Does OS X El Capitan Have Auto Save and Versions?
It can be hard to discern at a glance whether an app in OS X El Capitan uses the Auto Save and Versions features introduced with OS X Lion. In Mavericks, the Save a Version command went back to its original (and less-confusing) moniker, which is plain ol’ Save. Fortunately, there are other ways to determine whether a program supports Auto Save and Versions.
The first is whether the app has a Save As or Duplicate command in its File menu. Programs with a Save As command are old-school and don’t support the new Auto Save and Versions features. Programs with a Duplicate command have usually been updated with support for Auto Save and Versions. (Interestingly, the shortcut for Duplicate and Save As is almost always the same: Command+Shift+S.)
The next is whether the app has Rename and Move To commands in its File menu. If it doesn’t, it’s old-school; if it does, it’s Auto Save- and Versions-savvy.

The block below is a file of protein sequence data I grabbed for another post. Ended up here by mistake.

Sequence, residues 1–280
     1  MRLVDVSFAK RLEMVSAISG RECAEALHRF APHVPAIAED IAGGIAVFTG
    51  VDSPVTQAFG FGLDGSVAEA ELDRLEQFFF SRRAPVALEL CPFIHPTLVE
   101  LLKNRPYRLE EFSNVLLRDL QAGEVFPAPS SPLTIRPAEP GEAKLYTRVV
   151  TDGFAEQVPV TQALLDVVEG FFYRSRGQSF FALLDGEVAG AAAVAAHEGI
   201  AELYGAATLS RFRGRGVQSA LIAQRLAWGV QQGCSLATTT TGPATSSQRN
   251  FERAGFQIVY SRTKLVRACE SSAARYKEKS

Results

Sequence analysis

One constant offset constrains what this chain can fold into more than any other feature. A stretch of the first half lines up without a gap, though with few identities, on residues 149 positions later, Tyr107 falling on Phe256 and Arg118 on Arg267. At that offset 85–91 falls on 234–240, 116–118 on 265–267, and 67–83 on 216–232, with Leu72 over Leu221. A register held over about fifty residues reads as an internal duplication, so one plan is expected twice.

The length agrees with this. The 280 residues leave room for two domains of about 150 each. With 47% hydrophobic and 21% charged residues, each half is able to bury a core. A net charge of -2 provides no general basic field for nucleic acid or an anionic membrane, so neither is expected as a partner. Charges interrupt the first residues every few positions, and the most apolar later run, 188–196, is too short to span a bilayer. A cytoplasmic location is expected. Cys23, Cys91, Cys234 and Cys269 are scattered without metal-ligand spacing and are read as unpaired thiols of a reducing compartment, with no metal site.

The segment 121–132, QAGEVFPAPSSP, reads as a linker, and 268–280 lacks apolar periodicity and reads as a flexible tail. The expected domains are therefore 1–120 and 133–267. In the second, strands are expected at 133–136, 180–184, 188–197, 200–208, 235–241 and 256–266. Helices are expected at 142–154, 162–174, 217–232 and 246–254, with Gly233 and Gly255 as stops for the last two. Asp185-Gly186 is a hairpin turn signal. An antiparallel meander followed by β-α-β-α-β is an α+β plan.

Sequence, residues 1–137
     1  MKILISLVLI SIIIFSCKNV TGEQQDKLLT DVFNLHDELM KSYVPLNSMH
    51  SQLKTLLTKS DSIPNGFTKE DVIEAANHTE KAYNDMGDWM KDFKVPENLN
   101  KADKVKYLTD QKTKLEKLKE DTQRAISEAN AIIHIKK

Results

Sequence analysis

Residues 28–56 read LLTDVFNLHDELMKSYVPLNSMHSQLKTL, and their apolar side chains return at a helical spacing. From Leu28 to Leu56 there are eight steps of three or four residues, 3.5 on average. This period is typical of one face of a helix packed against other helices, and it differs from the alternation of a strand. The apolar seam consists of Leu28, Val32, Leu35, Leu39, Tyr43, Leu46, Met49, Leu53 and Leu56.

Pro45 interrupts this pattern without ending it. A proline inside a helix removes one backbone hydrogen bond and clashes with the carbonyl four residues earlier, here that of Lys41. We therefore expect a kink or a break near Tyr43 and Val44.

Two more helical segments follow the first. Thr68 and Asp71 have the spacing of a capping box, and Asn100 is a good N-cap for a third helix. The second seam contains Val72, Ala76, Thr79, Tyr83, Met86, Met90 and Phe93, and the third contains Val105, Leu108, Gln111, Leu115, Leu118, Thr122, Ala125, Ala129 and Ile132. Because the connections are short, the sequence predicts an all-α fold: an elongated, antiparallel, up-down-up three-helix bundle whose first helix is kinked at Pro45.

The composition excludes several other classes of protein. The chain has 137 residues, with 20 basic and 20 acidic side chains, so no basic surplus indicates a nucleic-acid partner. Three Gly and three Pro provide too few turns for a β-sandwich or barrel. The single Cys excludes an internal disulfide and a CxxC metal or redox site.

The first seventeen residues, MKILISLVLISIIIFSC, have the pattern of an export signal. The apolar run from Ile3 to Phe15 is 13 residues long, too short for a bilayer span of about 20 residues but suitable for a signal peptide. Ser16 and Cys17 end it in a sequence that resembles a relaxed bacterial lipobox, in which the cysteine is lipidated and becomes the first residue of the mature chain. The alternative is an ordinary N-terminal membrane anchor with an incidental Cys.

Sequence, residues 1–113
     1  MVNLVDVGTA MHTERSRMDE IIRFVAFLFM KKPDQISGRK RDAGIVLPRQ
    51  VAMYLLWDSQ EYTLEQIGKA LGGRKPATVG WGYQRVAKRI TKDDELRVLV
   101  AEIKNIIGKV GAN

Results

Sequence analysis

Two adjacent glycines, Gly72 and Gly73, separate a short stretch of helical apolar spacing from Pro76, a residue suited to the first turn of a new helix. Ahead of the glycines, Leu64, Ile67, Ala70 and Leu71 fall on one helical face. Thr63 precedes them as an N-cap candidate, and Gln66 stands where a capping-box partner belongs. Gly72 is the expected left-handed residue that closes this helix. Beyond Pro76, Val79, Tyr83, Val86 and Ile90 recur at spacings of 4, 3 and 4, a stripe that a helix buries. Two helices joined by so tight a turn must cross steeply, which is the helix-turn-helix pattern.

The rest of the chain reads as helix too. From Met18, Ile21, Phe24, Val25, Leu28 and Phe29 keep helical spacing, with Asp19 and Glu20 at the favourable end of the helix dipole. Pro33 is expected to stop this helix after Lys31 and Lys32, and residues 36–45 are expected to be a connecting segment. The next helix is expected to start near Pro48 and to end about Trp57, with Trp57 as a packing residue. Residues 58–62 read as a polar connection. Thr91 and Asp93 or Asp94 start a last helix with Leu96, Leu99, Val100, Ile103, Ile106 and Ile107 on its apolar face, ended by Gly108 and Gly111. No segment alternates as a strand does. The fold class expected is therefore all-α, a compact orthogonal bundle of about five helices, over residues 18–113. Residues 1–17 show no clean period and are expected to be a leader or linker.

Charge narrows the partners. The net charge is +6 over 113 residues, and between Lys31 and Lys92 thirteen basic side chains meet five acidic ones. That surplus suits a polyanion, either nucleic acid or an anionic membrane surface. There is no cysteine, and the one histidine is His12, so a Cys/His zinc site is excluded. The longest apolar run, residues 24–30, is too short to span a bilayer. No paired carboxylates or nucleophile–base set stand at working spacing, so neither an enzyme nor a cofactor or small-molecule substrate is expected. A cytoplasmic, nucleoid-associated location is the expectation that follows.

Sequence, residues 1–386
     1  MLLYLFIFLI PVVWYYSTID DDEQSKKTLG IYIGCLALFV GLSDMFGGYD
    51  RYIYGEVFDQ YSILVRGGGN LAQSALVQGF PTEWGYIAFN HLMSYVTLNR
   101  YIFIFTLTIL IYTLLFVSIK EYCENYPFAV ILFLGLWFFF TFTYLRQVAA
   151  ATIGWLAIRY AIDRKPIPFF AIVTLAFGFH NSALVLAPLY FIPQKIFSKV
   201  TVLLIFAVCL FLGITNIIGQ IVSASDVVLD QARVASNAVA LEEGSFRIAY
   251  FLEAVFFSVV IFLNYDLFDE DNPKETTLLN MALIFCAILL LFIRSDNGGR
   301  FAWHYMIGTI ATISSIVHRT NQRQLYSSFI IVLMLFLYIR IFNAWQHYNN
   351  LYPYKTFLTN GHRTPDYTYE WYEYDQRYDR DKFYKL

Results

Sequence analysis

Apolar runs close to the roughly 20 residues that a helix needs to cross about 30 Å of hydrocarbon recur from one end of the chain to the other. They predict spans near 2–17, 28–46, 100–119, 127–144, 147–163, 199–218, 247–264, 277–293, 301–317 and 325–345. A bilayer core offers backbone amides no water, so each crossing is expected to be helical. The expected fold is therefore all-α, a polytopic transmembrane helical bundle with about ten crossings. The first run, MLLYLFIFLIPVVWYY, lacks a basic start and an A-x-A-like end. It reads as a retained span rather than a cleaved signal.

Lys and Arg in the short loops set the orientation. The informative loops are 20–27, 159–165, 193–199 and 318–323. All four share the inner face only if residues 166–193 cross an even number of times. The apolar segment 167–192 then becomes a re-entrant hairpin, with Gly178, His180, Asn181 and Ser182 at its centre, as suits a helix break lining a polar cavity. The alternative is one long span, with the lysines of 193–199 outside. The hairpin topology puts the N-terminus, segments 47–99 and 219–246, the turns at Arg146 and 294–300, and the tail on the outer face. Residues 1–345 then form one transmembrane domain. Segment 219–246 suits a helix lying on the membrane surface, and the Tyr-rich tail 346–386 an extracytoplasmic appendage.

The easiest way to tell, however, is to look at the title bar of a document. If it displays a little V to the right of the document’s name when you hover your cursor over it (as shown on top of the figure here) and a pop-up window appears if you click the triangle (as shown on the bottom of the following figure), it means that the app supports Auto Save and Versions.
One last thing: Everything mentioned applies to every app that saves files, with or without Auto Save and Versions. However saving a file with Auto Save and Versions has one additional effect: It creates a new version of the file that you can access with Time Machine. To obtain that kind of functionality in apps without Auto Save and Versions, you’ll need to use Save As to create a new version of the file periodically.